To illustrate this point, say a person named “dogman” changes their channel to #lizard-herding. If #lizard-herding does not exist already with other users there, it will be created and dogman will be the only user on the channel. If another user “flume” joins the channel and dogman leaves, the channel will still exist because flume is there. If flume leaves, the channel will be destroyed. Dogman can always go back to #lizard-herding and the channel will be recreated, but the old topic and channel flags will not carry over; dogman will have to set them again.
When a channel is created, the person that created it is given special “operator” privileges. The channel operator, or just “op,” can set the channel topic and change its flags, such as making the channel secret. Ops can also “op” others, that is make other users channel operators. If all of the ops on a channel leave, then nobody can set anything, so everybody must leave and then rejoin. This is a caveat in IRC and not CujoChat specifically. To get around this problem, some channels have “robots” (or just “bots”) which are automated programs that constantly stay on a channel and do stuff like op well-known users.
As an aside, bots can make IRC pretty interesting. For example, some bots are programmed to automatically respond to certain keywords and “play human.” If you’re familiar with the Turing Test in artificial intelligence, you’ll recognize why some extremely advanced AIs were developed as IRC bots to facilitate real-world conversation testing. Most bots, though, are not very advanced and just do stuff like auto-op other users. Bots will sometimes kick users off a channel, for example when I was testing CujoChat with netcom, I was kicked off a channel because a bot was programmed to auto-kick netcom users off. Every now and then a bot will go nuts, e.g. the programmer messed something up, and the results are pretty funny. On more than one occasion I’ve seen a bot go berserk and start auto-kicking everyone off a channel as soon as they joined.
Special Commands in CujoChat
If you’re an experienced IRC user, especially on unix, you are probably familiar with typing strings like “/mode #magic-cap +o flume” to make flume a channel operator on the #magic-cap channel. CujoChat supports some of these same commands since it does not have a pretty Magic Cap interface for all of the available IRC features.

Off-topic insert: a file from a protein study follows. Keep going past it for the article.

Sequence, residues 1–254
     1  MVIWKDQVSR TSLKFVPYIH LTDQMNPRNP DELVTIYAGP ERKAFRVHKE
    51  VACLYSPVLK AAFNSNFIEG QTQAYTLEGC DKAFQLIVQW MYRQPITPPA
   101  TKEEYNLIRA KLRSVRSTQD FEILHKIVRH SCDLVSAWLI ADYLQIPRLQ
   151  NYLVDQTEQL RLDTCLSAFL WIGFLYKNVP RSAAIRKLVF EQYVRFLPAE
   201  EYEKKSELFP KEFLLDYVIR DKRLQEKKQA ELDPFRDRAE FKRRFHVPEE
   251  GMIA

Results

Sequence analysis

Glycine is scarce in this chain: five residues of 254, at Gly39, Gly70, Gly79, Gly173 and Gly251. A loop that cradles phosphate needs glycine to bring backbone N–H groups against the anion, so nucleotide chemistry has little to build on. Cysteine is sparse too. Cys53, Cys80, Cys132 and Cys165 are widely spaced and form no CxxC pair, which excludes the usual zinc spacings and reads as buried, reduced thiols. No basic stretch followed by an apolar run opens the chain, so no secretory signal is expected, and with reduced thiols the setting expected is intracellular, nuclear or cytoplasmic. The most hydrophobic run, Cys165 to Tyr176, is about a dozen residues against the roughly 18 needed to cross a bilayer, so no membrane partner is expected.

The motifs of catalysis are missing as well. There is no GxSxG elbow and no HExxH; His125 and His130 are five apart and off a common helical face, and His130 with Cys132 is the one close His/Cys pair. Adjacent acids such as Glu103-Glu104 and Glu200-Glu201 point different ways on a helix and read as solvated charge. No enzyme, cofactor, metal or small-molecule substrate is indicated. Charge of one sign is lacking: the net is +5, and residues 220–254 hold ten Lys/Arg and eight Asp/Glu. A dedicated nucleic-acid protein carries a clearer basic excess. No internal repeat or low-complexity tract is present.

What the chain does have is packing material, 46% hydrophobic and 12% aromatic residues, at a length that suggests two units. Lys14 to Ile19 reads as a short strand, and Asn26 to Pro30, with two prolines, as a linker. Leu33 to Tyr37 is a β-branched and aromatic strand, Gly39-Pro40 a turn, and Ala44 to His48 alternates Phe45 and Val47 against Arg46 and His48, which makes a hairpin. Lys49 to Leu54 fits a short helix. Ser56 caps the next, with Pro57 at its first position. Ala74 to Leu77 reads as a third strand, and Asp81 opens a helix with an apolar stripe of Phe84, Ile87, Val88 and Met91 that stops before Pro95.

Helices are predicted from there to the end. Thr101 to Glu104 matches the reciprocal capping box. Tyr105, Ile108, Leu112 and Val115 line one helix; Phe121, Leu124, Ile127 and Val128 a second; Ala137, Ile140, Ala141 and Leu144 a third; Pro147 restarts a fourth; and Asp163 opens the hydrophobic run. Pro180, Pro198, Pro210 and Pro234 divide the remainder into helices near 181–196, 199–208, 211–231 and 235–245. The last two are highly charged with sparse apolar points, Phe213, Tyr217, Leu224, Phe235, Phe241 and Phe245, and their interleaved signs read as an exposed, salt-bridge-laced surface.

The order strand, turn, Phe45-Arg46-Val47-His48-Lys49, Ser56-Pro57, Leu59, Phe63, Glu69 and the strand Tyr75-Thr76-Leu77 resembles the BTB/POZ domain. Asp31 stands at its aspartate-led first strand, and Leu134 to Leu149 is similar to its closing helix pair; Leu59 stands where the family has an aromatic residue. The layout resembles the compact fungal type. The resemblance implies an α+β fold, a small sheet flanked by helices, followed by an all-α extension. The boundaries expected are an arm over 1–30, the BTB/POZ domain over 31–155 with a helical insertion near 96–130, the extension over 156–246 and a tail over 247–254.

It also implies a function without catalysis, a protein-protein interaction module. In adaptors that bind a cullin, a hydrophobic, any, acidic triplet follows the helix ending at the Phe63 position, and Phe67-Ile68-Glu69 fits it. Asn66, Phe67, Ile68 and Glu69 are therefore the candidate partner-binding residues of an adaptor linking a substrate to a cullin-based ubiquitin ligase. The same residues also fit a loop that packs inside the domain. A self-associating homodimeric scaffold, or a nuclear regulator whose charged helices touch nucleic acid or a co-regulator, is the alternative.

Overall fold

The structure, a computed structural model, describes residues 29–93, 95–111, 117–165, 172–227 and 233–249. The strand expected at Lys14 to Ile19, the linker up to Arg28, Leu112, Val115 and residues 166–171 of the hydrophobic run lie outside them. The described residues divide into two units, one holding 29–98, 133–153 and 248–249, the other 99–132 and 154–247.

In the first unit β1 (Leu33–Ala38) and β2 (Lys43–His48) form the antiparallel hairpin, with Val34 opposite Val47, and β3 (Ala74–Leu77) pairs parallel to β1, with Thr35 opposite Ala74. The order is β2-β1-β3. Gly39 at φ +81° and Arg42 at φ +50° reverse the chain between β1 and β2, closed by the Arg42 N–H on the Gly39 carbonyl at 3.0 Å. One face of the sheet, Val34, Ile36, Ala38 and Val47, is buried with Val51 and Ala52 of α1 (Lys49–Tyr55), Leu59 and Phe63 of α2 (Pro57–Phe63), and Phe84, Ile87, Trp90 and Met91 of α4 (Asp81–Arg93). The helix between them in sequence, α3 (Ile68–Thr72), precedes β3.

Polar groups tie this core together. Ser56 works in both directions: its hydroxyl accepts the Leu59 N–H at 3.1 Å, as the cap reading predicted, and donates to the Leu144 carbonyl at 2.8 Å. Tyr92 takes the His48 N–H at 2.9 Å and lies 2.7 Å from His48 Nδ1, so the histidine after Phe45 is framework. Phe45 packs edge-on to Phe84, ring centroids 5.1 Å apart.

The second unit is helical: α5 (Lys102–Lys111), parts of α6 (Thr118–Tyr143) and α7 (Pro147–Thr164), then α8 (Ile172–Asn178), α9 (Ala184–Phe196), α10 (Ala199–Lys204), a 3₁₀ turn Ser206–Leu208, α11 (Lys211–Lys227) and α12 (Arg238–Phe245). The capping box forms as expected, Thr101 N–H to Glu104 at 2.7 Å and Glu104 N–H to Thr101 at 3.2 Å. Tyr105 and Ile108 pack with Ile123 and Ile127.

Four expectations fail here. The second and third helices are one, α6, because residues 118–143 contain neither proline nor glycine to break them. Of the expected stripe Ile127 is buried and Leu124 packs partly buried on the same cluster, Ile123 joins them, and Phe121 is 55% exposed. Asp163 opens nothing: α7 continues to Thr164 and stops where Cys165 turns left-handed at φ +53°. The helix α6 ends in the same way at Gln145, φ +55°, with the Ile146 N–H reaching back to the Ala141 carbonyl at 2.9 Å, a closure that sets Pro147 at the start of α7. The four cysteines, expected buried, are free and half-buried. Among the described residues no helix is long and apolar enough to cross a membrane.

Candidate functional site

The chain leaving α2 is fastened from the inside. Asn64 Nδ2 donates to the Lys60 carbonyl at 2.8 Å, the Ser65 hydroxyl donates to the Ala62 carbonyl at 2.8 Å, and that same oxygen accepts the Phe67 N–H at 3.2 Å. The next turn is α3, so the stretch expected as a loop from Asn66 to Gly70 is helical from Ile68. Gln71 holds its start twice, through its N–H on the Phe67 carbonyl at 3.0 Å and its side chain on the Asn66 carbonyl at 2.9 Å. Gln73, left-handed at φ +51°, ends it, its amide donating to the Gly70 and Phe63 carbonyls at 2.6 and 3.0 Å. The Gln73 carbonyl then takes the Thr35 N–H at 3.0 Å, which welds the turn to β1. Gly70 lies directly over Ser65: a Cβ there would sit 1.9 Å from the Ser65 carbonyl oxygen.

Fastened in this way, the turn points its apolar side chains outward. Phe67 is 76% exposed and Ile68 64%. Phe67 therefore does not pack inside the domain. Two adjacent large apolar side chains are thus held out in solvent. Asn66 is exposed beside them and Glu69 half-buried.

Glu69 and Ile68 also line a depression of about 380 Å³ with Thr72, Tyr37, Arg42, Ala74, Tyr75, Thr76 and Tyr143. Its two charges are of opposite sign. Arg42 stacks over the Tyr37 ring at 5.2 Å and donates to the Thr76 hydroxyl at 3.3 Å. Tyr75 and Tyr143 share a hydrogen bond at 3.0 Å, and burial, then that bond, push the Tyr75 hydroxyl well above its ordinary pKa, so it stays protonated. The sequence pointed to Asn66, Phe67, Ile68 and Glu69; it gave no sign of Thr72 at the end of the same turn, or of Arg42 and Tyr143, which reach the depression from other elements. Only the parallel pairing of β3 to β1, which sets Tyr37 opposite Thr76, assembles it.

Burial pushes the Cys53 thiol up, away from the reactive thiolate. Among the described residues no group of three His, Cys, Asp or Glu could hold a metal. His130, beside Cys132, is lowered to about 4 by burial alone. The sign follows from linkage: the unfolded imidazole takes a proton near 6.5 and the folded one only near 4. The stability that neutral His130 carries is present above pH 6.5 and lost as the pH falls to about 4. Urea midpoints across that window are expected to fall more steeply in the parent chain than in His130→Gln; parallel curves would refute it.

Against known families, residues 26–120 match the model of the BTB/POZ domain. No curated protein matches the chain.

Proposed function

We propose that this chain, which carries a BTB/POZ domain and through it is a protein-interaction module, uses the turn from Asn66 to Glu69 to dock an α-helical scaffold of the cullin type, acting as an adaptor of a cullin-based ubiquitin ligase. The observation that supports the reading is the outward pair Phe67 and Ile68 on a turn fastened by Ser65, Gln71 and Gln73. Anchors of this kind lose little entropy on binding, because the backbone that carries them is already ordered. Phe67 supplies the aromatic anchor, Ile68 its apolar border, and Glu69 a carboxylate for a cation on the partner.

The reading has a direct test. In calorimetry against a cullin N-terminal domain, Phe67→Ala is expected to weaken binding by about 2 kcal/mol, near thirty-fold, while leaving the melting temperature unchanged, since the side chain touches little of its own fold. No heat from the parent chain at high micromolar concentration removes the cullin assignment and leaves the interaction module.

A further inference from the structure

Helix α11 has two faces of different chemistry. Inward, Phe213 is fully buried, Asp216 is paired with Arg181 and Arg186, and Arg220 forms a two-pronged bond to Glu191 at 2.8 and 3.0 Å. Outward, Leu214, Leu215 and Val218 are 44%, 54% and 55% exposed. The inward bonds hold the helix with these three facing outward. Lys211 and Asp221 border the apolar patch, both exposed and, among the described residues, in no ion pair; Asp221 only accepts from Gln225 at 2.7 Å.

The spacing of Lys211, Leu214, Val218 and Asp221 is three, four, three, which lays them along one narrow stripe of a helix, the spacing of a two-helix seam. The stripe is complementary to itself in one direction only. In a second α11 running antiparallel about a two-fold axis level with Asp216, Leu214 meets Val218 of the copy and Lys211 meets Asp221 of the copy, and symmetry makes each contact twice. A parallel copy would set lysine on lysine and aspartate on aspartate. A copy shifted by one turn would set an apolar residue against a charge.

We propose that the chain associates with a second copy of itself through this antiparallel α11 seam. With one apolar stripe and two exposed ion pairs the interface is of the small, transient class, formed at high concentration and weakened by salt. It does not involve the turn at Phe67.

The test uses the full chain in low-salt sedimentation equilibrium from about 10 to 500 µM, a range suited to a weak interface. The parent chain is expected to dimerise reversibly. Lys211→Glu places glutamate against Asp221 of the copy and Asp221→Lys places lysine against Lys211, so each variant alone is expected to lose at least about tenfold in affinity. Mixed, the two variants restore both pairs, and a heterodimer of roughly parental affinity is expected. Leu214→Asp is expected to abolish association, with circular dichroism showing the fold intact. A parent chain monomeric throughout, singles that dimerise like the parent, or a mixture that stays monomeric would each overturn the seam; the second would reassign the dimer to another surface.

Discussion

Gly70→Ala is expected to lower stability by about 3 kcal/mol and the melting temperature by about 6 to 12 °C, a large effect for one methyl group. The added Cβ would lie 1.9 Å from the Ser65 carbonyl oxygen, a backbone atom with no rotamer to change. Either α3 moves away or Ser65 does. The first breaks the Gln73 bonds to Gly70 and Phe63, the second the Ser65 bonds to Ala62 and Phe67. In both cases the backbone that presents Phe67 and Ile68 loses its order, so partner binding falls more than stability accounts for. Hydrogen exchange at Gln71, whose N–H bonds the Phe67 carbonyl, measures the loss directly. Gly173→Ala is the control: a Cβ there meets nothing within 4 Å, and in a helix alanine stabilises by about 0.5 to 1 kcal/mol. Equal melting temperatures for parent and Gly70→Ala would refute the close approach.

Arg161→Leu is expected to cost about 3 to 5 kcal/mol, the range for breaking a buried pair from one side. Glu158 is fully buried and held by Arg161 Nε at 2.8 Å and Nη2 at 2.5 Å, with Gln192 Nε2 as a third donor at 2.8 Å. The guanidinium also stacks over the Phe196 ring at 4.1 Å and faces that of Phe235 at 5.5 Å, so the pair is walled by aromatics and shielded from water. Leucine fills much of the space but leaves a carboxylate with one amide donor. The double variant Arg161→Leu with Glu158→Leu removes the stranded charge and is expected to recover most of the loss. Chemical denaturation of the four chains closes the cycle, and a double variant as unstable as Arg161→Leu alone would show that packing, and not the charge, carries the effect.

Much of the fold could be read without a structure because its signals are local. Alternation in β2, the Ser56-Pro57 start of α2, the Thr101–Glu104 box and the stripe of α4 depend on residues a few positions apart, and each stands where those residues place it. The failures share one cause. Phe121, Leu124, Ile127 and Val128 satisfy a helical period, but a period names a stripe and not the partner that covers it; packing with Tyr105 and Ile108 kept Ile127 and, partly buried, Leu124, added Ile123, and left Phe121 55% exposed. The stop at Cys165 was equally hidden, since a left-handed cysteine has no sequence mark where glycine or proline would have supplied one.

To type a special command into CujoChat, just type into the “you say” text field, but precede all text with a period ‘.’ or slash ‘/’ character.
Implementation of CujoChat
CujoChat was written using the Magic Internet Kit, a developer framework I created at General Magic for easily writing Internet applications. If you have used CujoTerm, the terminal template that comes with the Kit, you will quickly notice that CujoChat was cloned from this app.
This application started off as a sample program for use in a developer magazine article about the Magic Internet Kit, but it quickly became apparent writing an IRC client was far beyond the scope of a 4000 word article. I continued on it, however, because I thought it would be lots of fun to use, especially wirelessly with a Ricochet modem. The first pre-release version of CujoChat, which did not have much of a frilly interface for anything, was completed in about 12 hours of work. Two more days of work were spent creating the released CujoChat 1.0, and that includes time spent in Photoshop creating the building and icons. Total implementation time was about 30 hours.
So what took 30 hours? Writing CujoChat’s text parser took about 80% of the time; the IRC protocol is horribly designed, so parsing raw data sent back from the server is a total pain. CujoChat’s parser is quite robust and fast, but it took a while to get it there. Another 10% was spent figuring out the Magic Cap user interface for CujoChat. The last 10% of the implementation time was spent in Photoshop drawing icons and buildings.
There were two previous building styles before the one you see now, but neither were worthy of CujoChat’s coolness. I noticed that the buildings I drew were about the same shape as the In-N-Out Burger at which I ate lunch at earlier that day, so my former uberboss Mark “The Red” Harlan suggested that I make the sign look like In-N-Out as well. The final result, drawn while consulting my official In-N-Out Company Store catalog, was just so neat that Mark and I agreed it would be the one to use. Of course, I had to give credit to In-N-Out in the about box, as well as their phone number (800.786.1000).